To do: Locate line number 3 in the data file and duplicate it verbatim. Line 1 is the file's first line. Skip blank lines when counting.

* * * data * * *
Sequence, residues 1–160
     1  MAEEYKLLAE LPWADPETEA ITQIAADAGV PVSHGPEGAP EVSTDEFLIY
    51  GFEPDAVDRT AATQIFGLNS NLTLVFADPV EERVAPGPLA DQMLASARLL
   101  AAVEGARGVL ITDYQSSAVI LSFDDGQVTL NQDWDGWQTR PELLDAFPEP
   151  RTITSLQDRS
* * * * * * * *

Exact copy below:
    51  GFEPDAVDRT AATQIFGLNS NLTLVFADPV EERVAPGPLA DQMLASARLL